DOSSIER

 

A simpler way to treat aft  peak tank ballast?


Techcross has developed a way to treat aft peak tank ballast water in your main vessel ballast water system without mixing - with a different flow system

Treating aft peak tank ballast water is a headache for tanker operators. Aft peak tanks are small tanks in the stern of the ship used to ensure the propeller is immersed, to dampen propeller vibration, and to cool the stern tube bearing, which carries the propeller shaft.

The water in them needs to be put through a ballast water system like any other ballast water on the ship, to make sure that any foreign organisms are killed before the water is discharged to the ocean.

Regulations state that the aft peak tank ballast water cannot be mixed with the main ballast water tanks. This is because of perceived risks that oil from cargo in an adjacent tank could leak through corroded tank walls into the main ballast water tanks. The aft peak tank is located in a ‘gas safe zone’ so there cannot be any possibility for it to contain oil.

This means that tanker operators have been forced to consider a separate ballast water system just for the aft peak tank.

But Techcross, a ballast water system manufacturer in South Korea, has developed a different option, where the water from both aft peak tank and main ballast tanks could be handled by the same ballast water system, by structuring the flows in a clever way.

In Techcross’ system, the ballast water system treats the water after it has been stored in the aft peak tank, but before it is loaded into the main ballast tank.

So during the ballast voyage, the water in the main ballast water tank is already treated, and afterwards it can be discharged to the ocean.

This process was approved by DNV in 2018.


In more detail, the steps are like this.
Step 1 - the Aft Peak Tank is filled with untreated water.
Step 2 - The ballast water in the Aft peak tank is transferred across the deck, in a ‘non-return connection’, to the ballast water treatment system, and then to an empty ballast water tank in the cargo area. The ballast water treatment system is in a hazardous area.
Step 3 - the water is held in the cargo ballast water area
Step 4 - the water is discharged using ‘neutralisation’.
This is shown in the diagram.

                          
Altogether, this arrangement can save customers the over $100k cost of an aft peak tank system, the company says.

Since the Techcross system is electrochemical rather than ultraviolet, it does not need any filter, Techcross says.


Filters
This layout would not work if a filter was needed because of other complexities.

In a normal ballast water installation, the water is both filtered and treated before entering the ballast water tank. This means that any organisms caught by the filter can be discharged into water in the same place they came from, as required under the regulations. However, it is not allowed to be discharged in a different location from where it originated.

If you have a filter upstream of the aft peak tank (as it is filled with water), and a ballast water treatment system downstream of the aft peak tank after voyage (as the water is discharged), that is not considered equivalent to the type approved process, because organisms not separated by the filter can grow in size and volume during the voyage.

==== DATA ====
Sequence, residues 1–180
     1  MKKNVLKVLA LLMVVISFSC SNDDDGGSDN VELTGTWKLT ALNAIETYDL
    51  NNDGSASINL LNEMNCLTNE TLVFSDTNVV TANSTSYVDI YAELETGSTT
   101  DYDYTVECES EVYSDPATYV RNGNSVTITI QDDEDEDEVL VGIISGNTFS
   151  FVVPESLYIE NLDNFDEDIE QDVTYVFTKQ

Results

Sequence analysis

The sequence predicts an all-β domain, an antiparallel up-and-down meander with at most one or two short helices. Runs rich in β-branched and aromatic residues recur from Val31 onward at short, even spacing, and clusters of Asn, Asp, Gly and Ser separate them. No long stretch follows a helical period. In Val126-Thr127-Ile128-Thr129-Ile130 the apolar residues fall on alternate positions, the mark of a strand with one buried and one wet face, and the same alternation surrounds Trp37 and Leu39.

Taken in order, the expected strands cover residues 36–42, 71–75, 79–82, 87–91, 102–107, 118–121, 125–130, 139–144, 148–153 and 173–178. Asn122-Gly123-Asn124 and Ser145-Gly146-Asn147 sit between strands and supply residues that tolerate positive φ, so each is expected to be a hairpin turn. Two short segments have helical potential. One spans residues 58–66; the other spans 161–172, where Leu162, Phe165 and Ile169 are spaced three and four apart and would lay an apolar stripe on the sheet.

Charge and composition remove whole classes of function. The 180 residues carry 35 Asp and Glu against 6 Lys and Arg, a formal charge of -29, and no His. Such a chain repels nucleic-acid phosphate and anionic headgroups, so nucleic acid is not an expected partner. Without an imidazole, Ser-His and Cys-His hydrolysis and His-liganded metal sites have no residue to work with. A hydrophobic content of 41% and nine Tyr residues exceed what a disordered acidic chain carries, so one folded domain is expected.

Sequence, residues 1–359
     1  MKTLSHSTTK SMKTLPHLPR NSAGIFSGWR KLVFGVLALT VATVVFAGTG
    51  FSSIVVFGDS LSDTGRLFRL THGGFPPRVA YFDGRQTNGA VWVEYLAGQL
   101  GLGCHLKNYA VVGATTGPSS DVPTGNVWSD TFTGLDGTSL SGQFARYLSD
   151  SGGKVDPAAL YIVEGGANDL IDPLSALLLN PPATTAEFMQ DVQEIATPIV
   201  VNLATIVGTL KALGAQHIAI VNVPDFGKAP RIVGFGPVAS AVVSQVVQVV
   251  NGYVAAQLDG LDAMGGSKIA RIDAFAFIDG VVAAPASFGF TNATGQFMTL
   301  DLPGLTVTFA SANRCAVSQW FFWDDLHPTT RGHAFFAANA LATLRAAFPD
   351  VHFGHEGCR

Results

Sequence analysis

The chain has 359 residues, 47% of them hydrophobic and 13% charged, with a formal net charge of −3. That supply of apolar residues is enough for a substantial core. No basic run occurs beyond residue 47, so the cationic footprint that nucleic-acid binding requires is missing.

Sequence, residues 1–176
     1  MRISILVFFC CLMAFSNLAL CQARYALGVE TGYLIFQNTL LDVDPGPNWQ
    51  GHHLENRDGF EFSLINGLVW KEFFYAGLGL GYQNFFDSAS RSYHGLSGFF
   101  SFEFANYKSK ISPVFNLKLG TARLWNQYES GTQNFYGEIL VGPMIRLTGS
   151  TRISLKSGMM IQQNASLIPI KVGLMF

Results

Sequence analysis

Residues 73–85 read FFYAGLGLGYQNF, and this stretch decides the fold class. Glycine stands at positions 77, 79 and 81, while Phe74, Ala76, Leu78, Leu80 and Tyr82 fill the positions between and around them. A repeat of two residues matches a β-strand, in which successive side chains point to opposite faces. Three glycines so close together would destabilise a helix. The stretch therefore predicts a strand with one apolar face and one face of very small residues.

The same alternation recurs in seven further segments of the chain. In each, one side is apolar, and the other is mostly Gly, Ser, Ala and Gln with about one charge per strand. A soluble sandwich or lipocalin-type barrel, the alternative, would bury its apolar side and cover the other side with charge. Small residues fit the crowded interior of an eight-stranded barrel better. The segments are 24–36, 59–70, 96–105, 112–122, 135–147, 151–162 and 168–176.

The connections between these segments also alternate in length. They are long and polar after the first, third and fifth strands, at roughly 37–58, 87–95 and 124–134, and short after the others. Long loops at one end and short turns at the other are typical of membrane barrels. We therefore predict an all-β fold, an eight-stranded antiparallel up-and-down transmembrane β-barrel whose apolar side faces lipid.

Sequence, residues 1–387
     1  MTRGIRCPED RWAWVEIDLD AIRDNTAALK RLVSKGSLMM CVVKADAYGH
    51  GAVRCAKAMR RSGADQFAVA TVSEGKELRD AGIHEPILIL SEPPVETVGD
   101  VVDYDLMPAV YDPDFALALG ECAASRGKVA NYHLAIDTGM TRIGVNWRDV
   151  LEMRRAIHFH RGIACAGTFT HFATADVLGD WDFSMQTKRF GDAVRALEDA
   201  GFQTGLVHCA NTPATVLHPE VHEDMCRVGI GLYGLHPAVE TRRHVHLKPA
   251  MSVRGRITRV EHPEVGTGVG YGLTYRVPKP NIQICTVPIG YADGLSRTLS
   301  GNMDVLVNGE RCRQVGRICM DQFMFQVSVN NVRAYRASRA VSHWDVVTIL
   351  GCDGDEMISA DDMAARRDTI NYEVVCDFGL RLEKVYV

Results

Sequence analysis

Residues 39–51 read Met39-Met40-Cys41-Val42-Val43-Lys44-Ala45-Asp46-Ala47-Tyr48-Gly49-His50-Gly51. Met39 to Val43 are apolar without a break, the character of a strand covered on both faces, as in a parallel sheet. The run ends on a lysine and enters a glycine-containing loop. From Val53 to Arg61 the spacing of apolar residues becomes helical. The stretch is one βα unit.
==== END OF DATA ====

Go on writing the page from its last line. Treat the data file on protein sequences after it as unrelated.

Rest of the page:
This would also make it harder for this water to be then flowed into the main ballast tank.

But with the Techcross system, no filtering is needed, all the killing of the organisms is handled by the electrochemical process.


Submerged pumps

Techcross also has a system for tankers with submerged pumps, such as a Medium Range (MR) tanker, where there is no pump room.

The normal way to install ballast water systems on these vessels is in a specially designed room on deck.

This involves safety concerns and a high cost of installation. Being on deck, the systems need to be explosion proof, which increases the cost.

The Tech Cross system can be installed in the engine room, which is not considered a ‘hazardous’ environment, so the system does not need to be explosion proof, and welding is much easier. This is possible because its systems are small.

The system has a modular design and small footprint.

This enables customers to save 20 per cent of the price of the system, and 30 per cent of the installation costs.
The submerged pumps are used only for de-ballasting. A different pump - a fire pump or general service pump - is used for loading the ballast tank.

This solution has been applied to over 50 newbuild medium range tankers at Korean shipyards, and a number of retrofits.


EPA’s VIDA

The US Environmental Protection Agency (EPA) Vessel Incidental Discharge Act (VIDA) National Standards of Performance are new proposed ballast water regulations which could apply to small vessels (less than 79 feet in length) and fishing vessels of all sizes. Vessels above 79 feet are covered by existing legislation.

Techcross makes a very small ballast water system, ECS-150, which is supplied mounted on a skid, as a ‘one size fits all’ system for easy installation.

Techcross is currently researching ways to reduce the footprint and cost of this system.

 

About Techcross

Techcross supplies an electrochemical based ballast water system. It has 3762 systems installed in the maritime industry, as of July 2021.

It claims that its systems have a lower operating cost but the same performance as others in the market.

 

 

 

  LMB-BML 2007 Webmaster & designer: Cmdt. André Jehaes - email andre.jehaes@lmb-bml.be